who would you like to speak for you?"
That's a really important question to ask people,
because giving people the control over who that is
produces an amazing outcome.
The second thing you can say is,
"Have you spoken to that person
about the things that are important to you
so that we've got a better idea of what it is we can do?"
So that's the little idea.
The big idea, I think, is more political.
I think we have to get onto this.
I suggested we should have Occupy Death.
My wife said, "Yeah, right, sit-ins in the mortuary.
Yeah, yeah. Sure." (Laughter)
So that one didn't really run,
but I was very struck by this.
Now, I'm an aging hippie.
I don't know, I don't think I look like that anymore, but
I had, two of my kids were born at home in the '80s
when home birth was a big thing, and we baby boomers
are used to taking charge of the situation,
so if you just replace all these words of birth,
I like "Peace, Love, Natural Death" as an option.
I do think we have to get political
and start to reclaim this process from
the medicalized model in which it's going.
Now, listen, that sounds like a pitch for euthanasia.
I want to make it absolutely crystal clear to you all,
I hate euthanasia. I think it's a sideshow.
I don't think euthanasia matters.
I actually think that,
in places like Oregon,
where you can have physician-assisted suicide,
you take a poisonous dose of stuff,
only half a percent of people ever do that.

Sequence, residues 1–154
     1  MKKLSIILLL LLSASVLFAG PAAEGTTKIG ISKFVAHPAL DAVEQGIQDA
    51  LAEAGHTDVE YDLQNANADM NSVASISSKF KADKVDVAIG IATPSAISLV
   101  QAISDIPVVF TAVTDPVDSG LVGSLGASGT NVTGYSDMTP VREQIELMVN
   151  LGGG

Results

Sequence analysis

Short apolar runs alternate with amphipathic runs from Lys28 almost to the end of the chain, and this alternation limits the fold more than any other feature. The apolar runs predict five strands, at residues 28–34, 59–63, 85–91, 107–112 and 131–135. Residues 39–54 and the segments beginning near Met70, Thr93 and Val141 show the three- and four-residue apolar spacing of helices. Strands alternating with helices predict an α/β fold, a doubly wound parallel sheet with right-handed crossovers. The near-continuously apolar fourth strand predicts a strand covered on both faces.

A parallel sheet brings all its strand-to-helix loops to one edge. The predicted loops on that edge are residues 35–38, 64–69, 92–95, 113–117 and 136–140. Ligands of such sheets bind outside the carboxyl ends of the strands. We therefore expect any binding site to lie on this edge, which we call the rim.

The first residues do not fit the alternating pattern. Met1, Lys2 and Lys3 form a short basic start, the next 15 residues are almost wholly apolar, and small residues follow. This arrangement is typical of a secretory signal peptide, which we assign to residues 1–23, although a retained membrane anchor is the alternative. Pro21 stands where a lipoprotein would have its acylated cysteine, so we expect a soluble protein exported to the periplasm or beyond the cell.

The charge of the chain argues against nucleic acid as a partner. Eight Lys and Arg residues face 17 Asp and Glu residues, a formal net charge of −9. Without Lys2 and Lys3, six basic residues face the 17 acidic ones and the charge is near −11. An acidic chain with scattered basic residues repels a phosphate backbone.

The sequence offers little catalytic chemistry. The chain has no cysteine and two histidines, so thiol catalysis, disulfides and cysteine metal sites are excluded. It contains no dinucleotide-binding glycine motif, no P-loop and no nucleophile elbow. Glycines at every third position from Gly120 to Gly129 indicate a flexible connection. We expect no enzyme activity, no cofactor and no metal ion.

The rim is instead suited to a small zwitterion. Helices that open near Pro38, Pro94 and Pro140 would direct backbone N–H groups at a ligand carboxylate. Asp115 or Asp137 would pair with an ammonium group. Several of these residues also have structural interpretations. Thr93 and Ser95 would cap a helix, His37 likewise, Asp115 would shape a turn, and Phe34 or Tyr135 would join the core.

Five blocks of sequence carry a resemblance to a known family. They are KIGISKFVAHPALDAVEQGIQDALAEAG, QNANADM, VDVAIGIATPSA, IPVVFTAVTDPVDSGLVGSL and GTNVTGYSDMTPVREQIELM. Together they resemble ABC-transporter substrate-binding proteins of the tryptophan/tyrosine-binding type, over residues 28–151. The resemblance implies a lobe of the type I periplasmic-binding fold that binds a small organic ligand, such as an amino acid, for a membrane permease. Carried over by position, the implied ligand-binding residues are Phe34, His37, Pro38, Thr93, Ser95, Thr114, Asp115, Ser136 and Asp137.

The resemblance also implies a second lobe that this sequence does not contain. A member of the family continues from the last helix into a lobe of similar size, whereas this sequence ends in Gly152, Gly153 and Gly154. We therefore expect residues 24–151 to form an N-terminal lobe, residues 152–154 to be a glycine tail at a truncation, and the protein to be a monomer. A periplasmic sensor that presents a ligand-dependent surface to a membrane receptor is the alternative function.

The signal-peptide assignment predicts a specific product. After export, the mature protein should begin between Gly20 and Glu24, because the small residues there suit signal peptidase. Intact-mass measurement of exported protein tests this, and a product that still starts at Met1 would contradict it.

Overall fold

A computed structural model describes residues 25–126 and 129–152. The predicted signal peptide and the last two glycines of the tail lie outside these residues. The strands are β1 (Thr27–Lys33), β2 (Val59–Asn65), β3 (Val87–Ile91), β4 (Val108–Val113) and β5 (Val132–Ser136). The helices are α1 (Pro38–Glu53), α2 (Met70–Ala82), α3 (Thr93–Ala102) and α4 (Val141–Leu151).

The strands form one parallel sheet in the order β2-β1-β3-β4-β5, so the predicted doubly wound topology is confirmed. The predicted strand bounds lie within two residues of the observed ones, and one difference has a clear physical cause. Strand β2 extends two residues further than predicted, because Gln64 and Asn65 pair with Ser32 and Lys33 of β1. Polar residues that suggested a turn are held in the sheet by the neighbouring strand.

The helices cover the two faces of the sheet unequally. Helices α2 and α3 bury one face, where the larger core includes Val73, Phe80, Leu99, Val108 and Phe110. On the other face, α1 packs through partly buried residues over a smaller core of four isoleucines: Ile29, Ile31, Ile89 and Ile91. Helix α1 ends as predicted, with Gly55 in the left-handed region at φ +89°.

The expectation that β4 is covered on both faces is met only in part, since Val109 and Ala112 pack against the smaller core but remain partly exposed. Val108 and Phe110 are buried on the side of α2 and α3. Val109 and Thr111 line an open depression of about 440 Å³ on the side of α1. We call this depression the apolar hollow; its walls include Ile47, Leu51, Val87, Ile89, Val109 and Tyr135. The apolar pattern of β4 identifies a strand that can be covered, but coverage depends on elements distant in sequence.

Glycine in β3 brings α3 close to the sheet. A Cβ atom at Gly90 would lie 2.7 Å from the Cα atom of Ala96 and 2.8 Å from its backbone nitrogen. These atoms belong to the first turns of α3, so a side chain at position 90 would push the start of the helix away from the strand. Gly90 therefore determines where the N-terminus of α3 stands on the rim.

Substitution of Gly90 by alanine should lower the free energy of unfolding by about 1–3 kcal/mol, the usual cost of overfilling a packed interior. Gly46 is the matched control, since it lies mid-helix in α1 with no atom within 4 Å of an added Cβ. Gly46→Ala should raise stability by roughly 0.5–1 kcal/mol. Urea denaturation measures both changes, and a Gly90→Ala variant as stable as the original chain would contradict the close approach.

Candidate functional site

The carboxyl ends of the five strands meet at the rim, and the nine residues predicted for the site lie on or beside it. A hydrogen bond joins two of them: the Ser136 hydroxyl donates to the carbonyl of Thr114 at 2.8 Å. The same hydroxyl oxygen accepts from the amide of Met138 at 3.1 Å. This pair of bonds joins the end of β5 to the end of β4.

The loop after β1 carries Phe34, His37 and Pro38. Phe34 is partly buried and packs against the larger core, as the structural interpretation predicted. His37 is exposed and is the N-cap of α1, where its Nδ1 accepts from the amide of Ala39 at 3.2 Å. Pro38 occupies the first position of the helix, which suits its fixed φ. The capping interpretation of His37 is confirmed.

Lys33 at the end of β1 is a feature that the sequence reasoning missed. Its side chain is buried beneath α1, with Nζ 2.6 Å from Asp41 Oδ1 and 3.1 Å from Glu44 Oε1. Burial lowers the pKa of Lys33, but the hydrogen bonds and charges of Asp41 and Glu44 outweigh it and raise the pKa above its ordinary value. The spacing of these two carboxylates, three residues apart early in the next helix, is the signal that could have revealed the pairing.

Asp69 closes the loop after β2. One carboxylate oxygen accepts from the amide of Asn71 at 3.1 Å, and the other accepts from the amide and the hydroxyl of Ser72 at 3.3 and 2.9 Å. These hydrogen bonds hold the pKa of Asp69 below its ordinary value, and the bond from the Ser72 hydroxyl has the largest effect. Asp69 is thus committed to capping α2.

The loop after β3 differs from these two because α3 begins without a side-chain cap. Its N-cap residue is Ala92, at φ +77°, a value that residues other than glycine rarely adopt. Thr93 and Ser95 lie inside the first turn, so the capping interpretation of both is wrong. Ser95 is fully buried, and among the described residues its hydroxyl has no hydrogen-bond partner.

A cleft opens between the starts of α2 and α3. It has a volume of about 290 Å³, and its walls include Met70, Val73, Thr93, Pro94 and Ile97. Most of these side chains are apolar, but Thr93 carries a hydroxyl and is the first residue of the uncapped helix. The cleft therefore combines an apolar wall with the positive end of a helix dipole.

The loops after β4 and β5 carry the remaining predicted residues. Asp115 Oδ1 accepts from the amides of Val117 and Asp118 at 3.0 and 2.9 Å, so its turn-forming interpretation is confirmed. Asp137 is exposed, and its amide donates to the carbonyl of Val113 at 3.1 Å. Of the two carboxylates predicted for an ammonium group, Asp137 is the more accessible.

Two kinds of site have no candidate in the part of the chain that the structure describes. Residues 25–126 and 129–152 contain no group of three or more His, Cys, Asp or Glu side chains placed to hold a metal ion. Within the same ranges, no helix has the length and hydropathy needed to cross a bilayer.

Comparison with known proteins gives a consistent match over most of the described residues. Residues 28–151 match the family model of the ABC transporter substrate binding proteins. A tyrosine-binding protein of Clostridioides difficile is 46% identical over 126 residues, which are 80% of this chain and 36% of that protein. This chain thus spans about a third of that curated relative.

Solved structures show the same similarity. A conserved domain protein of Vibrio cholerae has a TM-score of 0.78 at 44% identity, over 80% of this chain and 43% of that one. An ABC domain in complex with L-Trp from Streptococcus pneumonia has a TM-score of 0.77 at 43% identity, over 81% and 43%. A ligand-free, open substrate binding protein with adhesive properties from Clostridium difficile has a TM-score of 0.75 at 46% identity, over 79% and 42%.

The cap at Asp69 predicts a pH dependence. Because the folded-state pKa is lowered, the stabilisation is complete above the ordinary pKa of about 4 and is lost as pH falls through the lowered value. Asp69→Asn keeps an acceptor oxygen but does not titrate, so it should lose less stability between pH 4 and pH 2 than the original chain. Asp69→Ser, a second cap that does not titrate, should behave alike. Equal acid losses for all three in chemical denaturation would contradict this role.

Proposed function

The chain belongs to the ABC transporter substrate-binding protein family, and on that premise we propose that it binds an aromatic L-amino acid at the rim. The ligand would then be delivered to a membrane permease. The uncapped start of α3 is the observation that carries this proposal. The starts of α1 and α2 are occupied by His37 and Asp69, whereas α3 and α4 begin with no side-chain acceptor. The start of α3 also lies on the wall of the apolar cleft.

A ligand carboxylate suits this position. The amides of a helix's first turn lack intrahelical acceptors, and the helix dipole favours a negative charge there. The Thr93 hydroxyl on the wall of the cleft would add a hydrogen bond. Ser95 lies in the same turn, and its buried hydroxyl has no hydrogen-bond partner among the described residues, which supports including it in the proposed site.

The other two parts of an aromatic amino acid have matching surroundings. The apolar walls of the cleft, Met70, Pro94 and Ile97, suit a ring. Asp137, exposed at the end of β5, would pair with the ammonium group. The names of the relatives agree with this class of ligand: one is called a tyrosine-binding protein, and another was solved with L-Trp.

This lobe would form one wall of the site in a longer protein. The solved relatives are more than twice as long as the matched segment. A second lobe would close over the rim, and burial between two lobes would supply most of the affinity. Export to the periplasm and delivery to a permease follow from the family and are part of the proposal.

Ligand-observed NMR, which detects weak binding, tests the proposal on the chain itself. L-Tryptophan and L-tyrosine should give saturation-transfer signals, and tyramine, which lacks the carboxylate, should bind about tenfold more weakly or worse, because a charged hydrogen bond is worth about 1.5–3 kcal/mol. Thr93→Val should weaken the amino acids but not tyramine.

I'm more interested in what happens to the 99.5 percent
of people who don't want to do that.
I think most people don't want to be dead,
but I do think most people want to have some control
over how their dying process proceeds.
So I'm an opponent of euthanasia,
but I do think we have to give people back some control.
It deprives euthanasia of its oxygen supply.
I think we should be looking at stopping
the want for euthanasia,
not for making it illegal or legal or worrying about it at all.
This is a quote from Dame Cicely Saunders,
whom I met when I was a medical student.
She founded the hospice movement.
And she said, "You matter because you are,
and you matter to the last moment of your life."
And I firmly believe that
that's the message that we have to carry forward.
Thank you. (Applause)
- Doctor, intensive care specialist
Over the past 35 years Peter Saul has been intimately involved in the dying process for over 4,000 patients. He is passionate about improving the ways we die.Why you should listen
Dr. Peter Saul is a Senior Intensive Care specialist in the adult and pediatric ICU at John Hunter Hospital, and Director of Intensive Care at Newcastle Private Hospital in Australia. After spending time as the Head of Discipline for Medical Ethics at Newcastle University, he is now a leading adviser to the State and Federal health departments.
The original video is available on TED.com